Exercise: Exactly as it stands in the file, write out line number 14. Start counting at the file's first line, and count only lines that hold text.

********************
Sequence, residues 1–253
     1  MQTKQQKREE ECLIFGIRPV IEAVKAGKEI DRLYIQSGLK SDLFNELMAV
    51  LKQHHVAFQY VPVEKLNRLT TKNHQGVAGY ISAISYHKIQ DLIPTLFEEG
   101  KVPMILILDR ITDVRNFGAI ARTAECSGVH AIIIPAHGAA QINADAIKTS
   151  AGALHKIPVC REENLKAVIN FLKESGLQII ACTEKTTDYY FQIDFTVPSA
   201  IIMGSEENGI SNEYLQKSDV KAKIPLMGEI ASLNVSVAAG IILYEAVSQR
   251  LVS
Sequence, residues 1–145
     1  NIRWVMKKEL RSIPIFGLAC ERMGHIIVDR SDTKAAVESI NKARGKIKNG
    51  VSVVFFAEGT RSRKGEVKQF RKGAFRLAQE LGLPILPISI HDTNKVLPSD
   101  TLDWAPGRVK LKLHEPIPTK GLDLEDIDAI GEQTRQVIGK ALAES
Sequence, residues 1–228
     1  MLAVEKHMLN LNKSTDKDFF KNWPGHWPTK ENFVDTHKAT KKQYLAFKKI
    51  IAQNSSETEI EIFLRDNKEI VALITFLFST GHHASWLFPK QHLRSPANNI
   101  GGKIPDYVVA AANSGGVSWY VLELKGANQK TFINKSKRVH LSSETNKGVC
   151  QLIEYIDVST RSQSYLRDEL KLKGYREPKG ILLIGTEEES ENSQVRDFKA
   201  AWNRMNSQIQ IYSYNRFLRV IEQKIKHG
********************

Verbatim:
    51  IAQNSSETEI EIFLRDNKEI VALITFLFST GHHASWLFPK QHLRSPANNI